Sitting on the patio of a Knoxville restaurant last winter, Saraya Brewer took notice of what was unfolding around her. The streets were alive with something called Big Ears, a festival that championed concerts by new and veteran underground acts, performance works and interactive exhibits.
Then the idea clicked.
Something like this could happen in Lexington, she thought. As a WRFL-88.1 FM disc jockey for more than five years, she was tapped into the sort of music she wanted to bring in, not to mention a source of funding. Big Ears, in turn, triggered ideas for using multiple performance venues and bills that mixed prominent (although decidedly non-mainstream) artists with local performers.
And to top it all off, there would room for a carnival.
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Boomslang was born. The inaugural four-day Lexington festival started Thursday but gets into full swing Friday. By the time it ends Sunday evening with the regional debut of the groundbreaking Brazilian tropicalia ensemble Os Mutantes, Boomslang will have hosted more than 50 acts and performers at five venues.
"We started by putting together a list of bands we would love to bring to Lexington," Brewer said. "Since RFL had the funding in place to put on shows, we found it was actually possible to bring in bands like Os Mutantes. From there, more and more bands began contacting us. So it mushroomed into a much bigger baby than we first thought."
Already interested in playing Lexington before Boomslang was solidified was Faust, the immensely influential "krautrock" ensemble known for mixing psychedelic and prog-rock styles.
"I think a lot of people aren't that familiar with these bands," Brewer said. "But it is possible to be legendary and still be underground. Faust actually contacted us. Their agent really liked Lexington and wanted them to play here as opposed to any other cities that are close by. So that was the first big band that we secured.
"But we wanted to also include bands that were more up-and-coming and more popular with the younger indie scene. We wanted to introduce a lot of the younger crowds to the bands that are the predecessors but, at the same time, introduce crowds more familiar with Faust and Os Mutantes to some of the newer bands that are doing stuff that could be seen as being very similar."
Peruse the full Boomslang lineup and you will quickly come to an event that perhaps defines the festival's sense of artistic adventure, not to mention its temperament. It's called the Boomslang Carnival.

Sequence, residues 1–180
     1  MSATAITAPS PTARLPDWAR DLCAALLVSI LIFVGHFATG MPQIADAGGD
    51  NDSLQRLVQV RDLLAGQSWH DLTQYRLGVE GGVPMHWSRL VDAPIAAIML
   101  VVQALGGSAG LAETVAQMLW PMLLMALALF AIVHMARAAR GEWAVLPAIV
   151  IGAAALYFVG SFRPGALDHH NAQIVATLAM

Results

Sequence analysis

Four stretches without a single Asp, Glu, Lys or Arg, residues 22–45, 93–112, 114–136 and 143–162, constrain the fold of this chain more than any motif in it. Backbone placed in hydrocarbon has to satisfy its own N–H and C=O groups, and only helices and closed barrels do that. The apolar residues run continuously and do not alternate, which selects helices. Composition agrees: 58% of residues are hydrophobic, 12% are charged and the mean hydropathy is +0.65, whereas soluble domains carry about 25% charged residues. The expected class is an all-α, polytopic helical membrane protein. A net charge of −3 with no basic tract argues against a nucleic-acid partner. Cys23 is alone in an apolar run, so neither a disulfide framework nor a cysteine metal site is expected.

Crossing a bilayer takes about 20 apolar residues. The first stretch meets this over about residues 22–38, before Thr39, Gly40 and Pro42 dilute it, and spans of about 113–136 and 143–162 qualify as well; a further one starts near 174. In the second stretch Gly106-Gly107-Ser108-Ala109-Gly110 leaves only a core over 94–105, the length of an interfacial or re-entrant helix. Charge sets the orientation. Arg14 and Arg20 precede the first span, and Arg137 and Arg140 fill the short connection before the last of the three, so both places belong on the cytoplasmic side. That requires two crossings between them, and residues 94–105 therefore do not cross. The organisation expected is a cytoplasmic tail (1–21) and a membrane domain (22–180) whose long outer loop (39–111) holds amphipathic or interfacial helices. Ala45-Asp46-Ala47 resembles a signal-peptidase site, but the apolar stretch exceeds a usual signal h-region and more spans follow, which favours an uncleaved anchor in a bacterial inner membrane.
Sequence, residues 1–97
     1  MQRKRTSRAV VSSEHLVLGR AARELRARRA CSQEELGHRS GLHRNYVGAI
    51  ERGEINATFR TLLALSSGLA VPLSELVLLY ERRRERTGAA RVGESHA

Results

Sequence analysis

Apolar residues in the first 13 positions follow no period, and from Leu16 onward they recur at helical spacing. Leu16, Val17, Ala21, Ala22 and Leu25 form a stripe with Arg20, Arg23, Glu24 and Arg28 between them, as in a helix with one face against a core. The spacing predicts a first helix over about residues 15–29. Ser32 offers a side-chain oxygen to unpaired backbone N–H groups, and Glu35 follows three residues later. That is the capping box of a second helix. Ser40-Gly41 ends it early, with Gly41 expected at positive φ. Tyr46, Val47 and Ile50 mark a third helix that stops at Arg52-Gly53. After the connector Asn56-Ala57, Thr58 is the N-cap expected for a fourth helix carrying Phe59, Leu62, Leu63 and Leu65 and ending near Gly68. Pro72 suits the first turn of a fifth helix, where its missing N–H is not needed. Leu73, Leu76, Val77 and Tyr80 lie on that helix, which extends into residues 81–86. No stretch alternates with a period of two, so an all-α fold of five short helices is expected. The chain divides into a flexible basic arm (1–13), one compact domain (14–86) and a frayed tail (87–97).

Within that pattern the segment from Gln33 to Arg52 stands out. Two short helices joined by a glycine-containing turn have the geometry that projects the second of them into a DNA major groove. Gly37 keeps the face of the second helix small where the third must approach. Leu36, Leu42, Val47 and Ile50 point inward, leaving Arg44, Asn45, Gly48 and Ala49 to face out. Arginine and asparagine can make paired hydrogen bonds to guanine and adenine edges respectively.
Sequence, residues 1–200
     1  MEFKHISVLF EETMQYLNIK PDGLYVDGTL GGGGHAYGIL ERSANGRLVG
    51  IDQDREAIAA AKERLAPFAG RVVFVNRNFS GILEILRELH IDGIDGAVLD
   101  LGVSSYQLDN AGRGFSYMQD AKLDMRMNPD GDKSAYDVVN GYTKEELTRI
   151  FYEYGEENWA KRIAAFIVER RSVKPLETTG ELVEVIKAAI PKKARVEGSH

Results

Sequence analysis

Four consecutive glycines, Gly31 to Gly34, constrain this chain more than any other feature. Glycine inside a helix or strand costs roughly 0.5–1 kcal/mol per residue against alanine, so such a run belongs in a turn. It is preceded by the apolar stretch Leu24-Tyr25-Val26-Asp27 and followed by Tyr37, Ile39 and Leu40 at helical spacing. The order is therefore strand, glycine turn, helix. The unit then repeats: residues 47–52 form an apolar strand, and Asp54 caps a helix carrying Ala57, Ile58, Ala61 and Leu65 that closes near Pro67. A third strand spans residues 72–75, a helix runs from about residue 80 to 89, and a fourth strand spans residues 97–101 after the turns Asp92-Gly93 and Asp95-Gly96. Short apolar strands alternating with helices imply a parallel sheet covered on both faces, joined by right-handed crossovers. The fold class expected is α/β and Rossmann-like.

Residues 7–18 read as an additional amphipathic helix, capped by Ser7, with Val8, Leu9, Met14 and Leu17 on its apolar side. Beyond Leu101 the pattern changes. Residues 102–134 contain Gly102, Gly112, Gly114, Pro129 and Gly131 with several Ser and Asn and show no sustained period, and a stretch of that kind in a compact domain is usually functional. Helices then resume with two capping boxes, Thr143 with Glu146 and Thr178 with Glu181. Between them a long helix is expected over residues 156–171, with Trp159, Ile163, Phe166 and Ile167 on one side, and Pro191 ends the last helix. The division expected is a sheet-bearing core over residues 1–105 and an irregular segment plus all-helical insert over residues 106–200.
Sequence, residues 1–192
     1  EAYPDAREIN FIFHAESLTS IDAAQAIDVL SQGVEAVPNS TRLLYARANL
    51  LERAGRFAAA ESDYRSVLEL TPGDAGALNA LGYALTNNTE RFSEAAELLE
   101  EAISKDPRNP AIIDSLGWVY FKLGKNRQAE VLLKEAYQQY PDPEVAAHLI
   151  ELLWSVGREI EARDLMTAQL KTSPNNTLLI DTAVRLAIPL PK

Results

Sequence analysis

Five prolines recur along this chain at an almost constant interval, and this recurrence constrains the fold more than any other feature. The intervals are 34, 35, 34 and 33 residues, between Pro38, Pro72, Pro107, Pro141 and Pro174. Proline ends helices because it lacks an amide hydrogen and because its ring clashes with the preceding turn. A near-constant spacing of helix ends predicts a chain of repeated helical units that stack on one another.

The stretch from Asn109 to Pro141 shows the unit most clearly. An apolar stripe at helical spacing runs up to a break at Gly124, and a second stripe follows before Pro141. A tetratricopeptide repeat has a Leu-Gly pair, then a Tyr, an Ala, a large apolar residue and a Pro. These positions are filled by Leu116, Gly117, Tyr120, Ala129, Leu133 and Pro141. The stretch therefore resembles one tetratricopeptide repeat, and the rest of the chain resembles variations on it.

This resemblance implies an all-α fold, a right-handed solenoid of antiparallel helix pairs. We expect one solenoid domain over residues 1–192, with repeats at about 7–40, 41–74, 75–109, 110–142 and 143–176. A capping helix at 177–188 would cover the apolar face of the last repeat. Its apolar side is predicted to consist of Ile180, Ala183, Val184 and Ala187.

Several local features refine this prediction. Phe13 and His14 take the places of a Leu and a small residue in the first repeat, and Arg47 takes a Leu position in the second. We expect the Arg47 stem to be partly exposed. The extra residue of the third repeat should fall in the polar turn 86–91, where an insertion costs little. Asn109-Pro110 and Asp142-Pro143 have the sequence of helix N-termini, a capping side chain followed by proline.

It's part music, part fashion show and part sideshow. Playing in the Buster's parking lot on Saturday, the carnival stems from a project that teamed the Lexington band The Ford Theatre Reunion — a sort of vaudevillian punk ensemble that dabbles in, among other genres, gypsy jazz and brutish, brittle folk — with the Lexington Collaborative Fashion Group.
"We've been working for a while with Sarah Jane Estes from the Lexington Collaborative Fashion Group," said Ford Theatre Reunion guitarist Eric Myers. "We started planning in the late spring to put on some kind of carnival in Triangle Park. Then Boomslang wanted to bring us on board, so all of this kind of grew from there."
On Saturday, the carnival will unfold in the Buster's parking lot with music performances mingled with models donning displays of circus-style attire. But the real fun comes after dark. That's when the sideshow cranks up with displays of fire-eating, snake-charming and blockheading — the carnival term for the act of hammering nails into one's nasal cavities. And what lucky soul has been assigned that task?
"Oh, that's me," Myers replied. "I love the aesthetic of all these performances — specifically the ones that are not illusion — like eating fire and swallowing swords. The reality is what fascinates me."
Brewer said of the carnival crew, "They haven't needed much direction from me. We just showed them the space they could use, and they took off with it."
Almost everything else lands in Brewer's lap. She said a mammoth volunteer crew helps. But logistics, schedules, last-minute cancellations and, in a few joyful cases, last-minute sponsors (like the Alltech Fortnight Festival, which signed on to co-present Faust) and band announcements (like the addition of the Boston post-punk band Mission of Burma to Friday night's bill at Buster's), fall to her.
"I've been multitasking like I never have been in my life. On any given day, I'm dealing with 16 different aspects of the festival. But I think it will be so neat if Lexington can pull something off like this."